It’s clear, in hindsight: Fretting over a storm outside instead of tending to the storm inside can be a recipe for relapse.

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sober lifestyle

Exodus


My husband and I are supposed to set off today in the ’ole four-wheel-drive sleigh, to embrace the majesty of a holiday road trip to Chicago, via Honesdale, PA.

Our annual Christmas vacation typically takes us to both his (north) and my (west) parents’ houses, and we prefer to drive, rather than fly, because it gives us greater freedom/independence at our destinations — not to mention more room to pack.

Given the chaos at my part-time marketing job (who knows if I’ll even have it when I return to Philly in January), and the uncertainty over my counseling internship at the methadone clinic (they haven’t gotten back to me about training, start date or schedule 🤷🏼‍♀️), I’m especially eager to am-scray this year. I want to travel, even though our cross-regional trek could apparently involve some weather-related perils. 🌨

I mean, at least that’s what I’ve heard from my forecast-obsessed family members, who keep texting me about storm reports they saw on the news. I know they mean well, but getting freaked out about stuff beyond our control is precisely what we recovering alcoholics are trying NOT to do, so…snowrenity now! You know what I’m saying? 🙃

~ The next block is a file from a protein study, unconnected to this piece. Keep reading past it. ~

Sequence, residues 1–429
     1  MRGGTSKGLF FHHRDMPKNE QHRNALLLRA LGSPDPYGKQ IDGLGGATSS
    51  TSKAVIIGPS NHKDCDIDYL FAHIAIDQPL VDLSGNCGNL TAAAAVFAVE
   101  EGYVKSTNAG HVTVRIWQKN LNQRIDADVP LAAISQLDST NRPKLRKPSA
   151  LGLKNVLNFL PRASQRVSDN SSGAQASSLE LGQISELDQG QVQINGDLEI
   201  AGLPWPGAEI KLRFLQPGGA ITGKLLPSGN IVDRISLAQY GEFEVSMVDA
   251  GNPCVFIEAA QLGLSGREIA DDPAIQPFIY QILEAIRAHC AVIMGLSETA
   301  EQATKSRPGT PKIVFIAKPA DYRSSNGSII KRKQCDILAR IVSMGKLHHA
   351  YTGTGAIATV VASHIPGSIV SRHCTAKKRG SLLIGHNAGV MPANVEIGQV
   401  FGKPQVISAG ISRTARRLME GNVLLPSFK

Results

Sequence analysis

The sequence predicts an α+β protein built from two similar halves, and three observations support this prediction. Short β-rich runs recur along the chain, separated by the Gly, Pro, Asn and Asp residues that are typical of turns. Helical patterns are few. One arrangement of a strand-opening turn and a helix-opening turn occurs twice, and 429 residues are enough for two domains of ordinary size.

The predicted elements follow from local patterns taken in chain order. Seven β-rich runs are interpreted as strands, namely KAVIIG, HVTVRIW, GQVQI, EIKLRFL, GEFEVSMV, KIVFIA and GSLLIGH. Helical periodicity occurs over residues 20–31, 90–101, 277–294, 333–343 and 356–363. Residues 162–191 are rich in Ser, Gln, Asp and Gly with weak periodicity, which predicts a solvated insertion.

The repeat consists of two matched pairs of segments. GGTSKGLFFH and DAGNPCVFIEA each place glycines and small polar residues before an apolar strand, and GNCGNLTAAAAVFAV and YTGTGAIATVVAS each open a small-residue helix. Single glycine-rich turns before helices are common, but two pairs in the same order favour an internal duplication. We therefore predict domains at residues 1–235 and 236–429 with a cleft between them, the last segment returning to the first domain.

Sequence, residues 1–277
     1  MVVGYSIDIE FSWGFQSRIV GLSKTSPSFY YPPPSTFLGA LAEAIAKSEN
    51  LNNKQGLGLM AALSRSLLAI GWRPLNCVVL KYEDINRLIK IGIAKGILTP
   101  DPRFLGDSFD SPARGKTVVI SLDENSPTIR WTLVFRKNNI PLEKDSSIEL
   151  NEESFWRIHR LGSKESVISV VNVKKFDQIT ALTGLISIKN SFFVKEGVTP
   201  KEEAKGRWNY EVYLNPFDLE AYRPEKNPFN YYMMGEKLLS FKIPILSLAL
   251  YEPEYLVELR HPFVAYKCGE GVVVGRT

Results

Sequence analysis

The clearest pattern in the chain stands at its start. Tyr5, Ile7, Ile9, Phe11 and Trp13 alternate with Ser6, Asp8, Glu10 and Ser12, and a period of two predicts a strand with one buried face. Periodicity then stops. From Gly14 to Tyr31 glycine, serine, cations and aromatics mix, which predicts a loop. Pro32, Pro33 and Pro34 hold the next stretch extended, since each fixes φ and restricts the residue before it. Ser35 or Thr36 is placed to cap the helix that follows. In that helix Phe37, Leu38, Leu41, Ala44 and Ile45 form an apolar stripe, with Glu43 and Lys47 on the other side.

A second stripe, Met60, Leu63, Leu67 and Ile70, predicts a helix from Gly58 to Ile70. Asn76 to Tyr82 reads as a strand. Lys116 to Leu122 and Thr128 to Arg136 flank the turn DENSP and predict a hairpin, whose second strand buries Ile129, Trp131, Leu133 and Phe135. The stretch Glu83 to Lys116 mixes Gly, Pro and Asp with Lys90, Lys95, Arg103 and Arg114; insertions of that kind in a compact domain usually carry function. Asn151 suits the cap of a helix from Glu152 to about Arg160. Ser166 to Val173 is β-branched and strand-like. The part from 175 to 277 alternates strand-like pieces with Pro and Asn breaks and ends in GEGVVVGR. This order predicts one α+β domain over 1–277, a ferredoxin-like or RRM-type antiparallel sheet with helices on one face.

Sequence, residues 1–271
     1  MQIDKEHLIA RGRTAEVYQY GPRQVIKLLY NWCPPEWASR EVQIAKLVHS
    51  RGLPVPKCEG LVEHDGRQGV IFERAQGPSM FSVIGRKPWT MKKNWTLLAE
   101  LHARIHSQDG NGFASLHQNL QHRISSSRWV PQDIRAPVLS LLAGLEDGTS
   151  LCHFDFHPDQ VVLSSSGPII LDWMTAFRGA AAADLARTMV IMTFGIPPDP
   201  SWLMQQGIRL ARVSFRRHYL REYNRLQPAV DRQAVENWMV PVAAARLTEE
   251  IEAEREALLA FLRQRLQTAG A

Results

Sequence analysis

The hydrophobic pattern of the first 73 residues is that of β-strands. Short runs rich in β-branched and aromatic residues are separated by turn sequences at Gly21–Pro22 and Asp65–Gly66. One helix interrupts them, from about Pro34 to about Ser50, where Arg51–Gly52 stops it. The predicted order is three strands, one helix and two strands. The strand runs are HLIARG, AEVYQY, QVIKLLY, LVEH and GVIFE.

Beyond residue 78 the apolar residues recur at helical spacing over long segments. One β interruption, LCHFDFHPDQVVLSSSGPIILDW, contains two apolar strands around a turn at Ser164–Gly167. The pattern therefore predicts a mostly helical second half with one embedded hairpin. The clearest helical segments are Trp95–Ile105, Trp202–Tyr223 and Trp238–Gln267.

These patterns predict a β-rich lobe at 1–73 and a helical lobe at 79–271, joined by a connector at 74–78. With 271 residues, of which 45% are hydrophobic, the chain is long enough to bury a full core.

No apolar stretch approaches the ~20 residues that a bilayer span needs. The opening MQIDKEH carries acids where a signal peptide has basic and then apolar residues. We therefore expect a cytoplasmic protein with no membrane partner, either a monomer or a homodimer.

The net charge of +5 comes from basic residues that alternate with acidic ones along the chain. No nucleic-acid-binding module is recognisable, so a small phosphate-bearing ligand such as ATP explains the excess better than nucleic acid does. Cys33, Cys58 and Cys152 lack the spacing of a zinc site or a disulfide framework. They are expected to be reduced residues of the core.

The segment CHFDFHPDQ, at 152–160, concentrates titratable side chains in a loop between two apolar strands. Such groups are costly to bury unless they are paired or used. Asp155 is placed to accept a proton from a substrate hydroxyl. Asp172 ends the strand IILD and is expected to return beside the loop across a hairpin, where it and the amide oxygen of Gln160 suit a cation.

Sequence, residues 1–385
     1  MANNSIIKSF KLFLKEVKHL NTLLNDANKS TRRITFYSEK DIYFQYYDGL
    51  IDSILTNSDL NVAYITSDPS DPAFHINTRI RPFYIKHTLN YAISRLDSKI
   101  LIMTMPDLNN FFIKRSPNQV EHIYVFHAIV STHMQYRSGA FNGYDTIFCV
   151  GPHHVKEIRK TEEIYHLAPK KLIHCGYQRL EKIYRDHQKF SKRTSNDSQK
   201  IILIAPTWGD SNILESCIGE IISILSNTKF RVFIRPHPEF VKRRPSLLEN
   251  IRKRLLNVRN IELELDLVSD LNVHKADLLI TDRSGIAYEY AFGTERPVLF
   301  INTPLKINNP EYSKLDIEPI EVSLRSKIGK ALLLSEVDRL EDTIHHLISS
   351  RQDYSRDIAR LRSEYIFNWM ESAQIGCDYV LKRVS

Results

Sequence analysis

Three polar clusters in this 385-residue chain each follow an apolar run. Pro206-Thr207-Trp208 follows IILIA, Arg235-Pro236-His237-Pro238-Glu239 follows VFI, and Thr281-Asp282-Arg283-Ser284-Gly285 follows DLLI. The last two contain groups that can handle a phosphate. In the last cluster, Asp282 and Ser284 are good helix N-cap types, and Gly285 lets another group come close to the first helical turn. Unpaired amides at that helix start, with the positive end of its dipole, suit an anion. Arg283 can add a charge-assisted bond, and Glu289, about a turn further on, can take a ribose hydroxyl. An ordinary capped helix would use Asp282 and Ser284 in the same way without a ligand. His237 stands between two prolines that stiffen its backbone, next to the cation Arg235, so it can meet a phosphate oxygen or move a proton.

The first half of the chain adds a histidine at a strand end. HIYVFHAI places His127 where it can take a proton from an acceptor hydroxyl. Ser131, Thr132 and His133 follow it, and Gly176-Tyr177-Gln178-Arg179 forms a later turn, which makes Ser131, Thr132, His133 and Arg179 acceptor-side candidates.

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sober lifestyle

Elevation

Sunrise at Tyler State Park, on Dec. 7, 2022, my 41st sober month-iversary.

“Try to give it up to your higher power,” my mom wrote me in a text, shortly after we’d hung up from my second distress call of the week.

Her message popped in just before I left for an appointment to get my 3-years-sober celebratory tattoo, and my entire body was a crackling live wire of rumination and worry.

It wasn’t because I’m a needle-phobe, though. I got over that with tatt #2. The issue du jour — yet again! — was work.

In short, it’s a shitshow. The “other shoe” I was afraid would drop since I agreed to re-join this chaotic company on a part-time basis back in January…well, it appears to be in motion, spelling the imminent demise of my rough-and-tumble marketing “career,” about six months too soon.

I was counting on this paycheck to get me through my next semester of grad school, or until it’s time to transition from the 100-hour “practicum” that starts in January to the full-time internship our program requires in Year 3.

So, add financial stress to the ever-present professional anxiety/depression that’s been hanging over me since I left journalism and started over from scratch in my 40s, and I quickly slip into an emotional spiral. It’s so easy to lose perspective, abandon my recovery toolbox, and let my agita run amok!